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Wednesday, January 2, 2013

Refusing Medicaid expansion will cost lives

Posted By on Wed, Jan 2, 2013 at 8:18 PM

WHO NEEDS MEDICAID: Texas Gov. Rick Perry's resistance will cost lives, article says.
  • WHO NEEDS MEDICAID: Texas Gov. Rick Perry's resistance will cost lives, article says.

WHO NEEDS MEDICAID: Texas Gov. Rick Perrys resistance will cost lives, article says.
  • WHO NEEDS MEDICAID: Texas Gov. Rick Perry's resistance will cost lives, article says.
As the new Republican majority searches for excuses not to take $700 million a year in annual federal support and provide health security for hundreds of thousands of Arkansans through Medicaid expansion, perhaps it's time to print and distribute this article in the Texas Observer.

Texas Gov. Rick Perry, the former presidential candidate once beloved by 20 or so Arkansas House Republicans (and still being worshipped on Twitter by Radical Rep. Nate Bell of Mena), has said Texas won't take Medicaid expansion. He'll give up $100 billion over 10 years. It's not about money only, the Observer writes:

If Texas doesn’t expand Medicaid, it will reject more than $100 billion in federal money the first decade, according to the state’s own figures. To get that sizeable federal reimbursement, the state would have to spend about $16 billion over 10 years. The governor’s refusal to take the federal government’s billions puts him in an awkward position opposite some of the state’s most powerful economic players: hospital chains, local governments and chambers of commerce. Given that political pressure, Perry might strike a deal with the Obama administration, or the Texas Legislature could push for a Medicaid expansion.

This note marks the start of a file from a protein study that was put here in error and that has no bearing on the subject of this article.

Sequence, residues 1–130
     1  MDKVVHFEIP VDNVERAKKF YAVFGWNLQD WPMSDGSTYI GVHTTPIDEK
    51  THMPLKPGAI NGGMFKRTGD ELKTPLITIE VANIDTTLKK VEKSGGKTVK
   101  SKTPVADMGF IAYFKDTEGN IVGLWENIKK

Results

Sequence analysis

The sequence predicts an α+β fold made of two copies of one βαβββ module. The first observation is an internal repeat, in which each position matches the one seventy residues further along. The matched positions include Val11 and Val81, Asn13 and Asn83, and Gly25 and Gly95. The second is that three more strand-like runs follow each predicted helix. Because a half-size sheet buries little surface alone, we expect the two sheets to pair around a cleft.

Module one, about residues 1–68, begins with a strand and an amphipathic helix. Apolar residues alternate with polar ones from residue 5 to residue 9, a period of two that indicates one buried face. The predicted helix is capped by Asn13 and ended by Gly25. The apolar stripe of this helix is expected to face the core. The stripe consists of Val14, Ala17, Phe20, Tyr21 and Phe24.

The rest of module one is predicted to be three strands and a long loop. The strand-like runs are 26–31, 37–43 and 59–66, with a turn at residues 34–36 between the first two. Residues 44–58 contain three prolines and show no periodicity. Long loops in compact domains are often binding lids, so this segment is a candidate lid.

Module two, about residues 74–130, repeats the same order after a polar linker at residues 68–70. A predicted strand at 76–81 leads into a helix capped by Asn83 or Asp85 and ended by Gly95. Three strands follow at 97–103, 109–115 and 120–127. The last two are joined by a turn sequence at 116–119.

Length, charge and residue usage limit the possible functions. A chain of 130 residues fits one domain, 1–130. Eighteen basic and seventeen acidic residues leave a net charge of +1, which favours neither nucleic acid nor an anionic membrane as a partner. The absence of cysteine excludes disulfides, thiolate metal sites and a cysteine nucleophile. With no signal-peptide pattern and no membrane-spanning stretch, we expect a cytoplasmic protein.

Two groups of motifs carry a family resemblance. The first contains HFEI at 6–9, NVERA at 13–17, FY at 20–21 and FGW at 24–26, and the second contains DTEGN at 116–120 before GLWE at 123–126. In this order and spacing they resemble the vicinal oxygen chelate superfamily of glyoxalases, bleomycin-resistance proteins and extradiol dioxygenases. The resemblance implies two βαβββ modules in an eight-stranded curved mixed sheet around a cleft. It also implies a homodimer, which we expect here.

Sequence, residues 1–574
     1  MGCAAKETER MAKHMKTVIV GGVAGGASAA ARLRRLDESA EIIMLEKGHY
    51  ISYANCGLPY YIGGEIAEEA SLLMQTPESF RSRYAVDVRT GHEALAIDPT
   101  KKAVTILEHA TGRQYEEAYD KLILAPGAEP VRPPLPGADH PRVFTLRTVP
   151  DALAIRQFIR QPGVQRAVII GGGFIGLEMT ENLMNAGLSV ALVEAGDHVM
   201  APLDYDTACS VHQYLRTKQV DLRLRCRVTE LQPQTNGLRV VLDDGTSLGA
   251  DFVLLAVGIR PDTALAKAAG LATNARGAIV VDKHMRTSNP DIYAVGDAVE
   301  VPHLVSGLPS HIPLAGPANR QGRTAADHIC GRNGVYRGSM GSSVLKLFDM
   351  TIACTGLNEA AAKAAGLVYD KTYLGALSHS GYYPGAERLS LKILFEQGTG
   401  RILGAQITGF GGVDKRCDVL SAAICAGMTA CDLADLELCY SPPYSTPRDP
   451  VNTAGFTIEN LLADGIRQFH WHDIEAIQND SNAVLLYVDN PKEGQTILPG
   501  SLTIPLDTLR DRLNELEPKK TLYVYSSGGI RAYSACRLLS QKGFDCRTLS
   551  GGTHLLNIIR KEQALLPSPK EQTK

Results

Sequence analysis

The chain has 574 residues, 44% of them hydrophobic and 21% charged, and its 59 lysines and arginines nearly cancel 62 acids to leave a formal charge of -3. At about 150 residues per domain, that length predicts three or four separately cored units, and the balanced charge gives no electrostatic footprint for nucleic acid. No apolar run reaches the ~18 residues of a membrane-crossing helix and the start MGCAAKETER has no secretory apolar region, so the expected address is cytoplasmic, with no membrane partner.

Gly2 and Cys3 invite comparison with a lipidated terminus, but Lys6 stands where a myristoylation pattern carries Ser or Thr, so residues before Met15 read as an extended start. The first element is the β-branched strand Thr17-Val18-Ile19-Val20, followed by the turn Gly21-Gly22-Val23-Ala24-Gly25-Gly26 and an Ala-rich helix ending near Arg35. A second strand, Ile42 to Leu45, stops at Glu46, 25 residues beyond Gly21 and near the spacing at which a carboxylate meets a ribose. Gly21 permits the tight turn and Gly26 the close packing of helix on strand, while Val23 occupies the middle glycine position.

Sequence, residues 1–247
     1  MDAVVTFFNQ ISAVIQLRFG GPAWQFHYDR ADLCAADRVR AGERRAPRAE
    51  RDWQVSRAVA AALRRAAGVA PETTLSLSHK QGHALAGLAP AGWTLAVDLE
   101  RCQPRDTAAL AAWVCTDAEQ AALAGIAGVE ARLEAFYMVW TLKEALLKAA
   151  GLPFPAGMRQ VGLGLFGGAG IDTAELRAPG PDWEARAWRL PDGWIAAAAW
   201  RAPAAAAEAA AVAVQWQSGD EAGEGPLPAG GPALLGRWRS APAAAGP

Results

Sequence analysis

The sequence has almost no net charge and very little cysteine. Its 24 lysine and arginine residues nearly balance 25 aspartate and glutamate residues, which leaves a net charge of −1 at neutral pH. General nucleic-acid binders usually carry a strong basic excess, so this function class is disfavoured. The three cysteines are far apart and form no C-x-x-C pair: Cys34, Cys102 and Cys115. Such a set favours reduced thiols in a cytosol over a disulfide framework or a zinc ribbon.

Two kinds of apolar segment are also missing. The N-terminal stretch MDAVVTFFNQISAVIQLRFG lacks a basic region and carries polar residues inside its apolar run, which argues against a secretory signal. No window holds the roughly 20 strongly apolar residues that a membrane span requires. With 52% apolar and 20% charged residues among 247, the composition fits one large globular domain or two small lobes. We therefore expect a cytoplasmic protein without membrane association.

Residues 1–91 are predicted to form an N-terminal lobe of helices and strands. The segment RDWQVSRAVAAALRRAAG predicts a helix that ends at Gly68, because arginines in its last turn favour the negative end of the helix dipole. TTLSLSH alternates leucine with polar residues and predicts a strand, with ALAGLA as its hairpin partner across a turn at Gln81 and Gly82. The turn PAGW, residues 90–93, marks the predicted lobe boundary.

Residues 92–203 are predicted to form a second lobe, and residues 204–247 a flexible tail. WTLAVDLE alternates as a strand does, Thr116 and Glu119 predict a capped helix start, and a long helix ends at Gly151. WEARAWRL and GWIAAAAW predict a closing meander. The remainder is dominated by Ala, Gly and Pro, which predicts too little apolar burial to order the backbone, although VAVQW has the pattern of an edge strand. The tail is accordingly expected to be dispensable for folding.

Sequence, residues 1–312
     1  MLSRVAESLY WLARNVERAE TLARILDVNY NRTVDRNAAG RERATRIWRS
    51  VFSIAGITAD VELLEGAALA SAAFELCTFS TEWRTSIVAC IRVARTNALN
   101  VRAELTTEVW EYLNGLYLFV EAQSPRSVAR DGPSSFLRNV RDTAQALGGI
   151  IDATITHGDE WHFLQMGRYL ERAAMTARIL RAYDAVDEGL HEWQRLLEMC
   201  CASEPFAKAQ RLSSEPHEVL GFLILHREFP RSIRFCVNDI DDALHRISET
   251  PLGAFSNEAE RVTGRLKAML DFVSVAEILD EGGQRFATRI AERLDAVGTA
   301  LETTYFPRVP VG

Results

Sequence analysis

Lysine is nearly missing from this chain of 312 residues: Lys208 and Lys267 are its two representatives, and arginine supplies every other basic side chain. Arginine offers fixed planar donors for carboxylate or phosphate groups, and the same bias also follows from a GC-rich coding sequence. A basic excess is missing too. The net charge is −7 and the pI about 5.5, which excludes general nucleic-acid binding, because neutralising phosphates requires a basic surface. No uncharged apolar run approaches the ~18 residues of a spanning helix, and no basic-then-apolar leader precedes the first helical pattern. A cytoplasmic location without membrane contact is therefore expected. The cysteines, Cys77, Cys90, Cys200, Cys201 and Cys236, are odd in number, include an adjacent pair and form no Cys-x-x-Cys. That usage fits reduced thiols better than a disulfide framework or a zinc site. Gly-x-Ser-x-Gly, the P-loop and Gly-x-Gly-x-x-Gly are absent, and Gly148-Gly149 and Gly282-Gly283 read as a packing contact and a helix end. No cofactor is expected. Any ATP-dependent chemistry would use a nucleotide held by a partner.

Beyond the economics and politics, lives are at stake. Lack of insurance will certainly mean more deaths. How many more? Approximately 9,000 a year, according to Dr. Howard Brody, director of the Institute for Medical Humanities at the University of Texas Medical Branch in Galveston. Brody calculated that figure by extrapolating from a recent Harvard University study published in The New England Journal of Medicine that found that states that expanded Medicaid saw a 6.1 percent reduction in the death rate among adults below 65 who qualified for the program. In a recent op-ed in the Galveston Daily News Brody wrote, “This means that we can predict, with reasonable confidence, if we fail to expand Medicaid . . . 9,000 Texans will die each year for the next several years as a result.”

OK, Texas is eight or so times bigger than Arkansas. So roughly figure Medicaid expansion would save the lives of more than 1,000 Arkansans a year. Arkansas's eventual 10 percent contribution is too much to save 1,000 lives annually? Rep. Bell? Republican leadership?

Loyalty to Grover Norquist and the Kochs or saving Arkansas lives?

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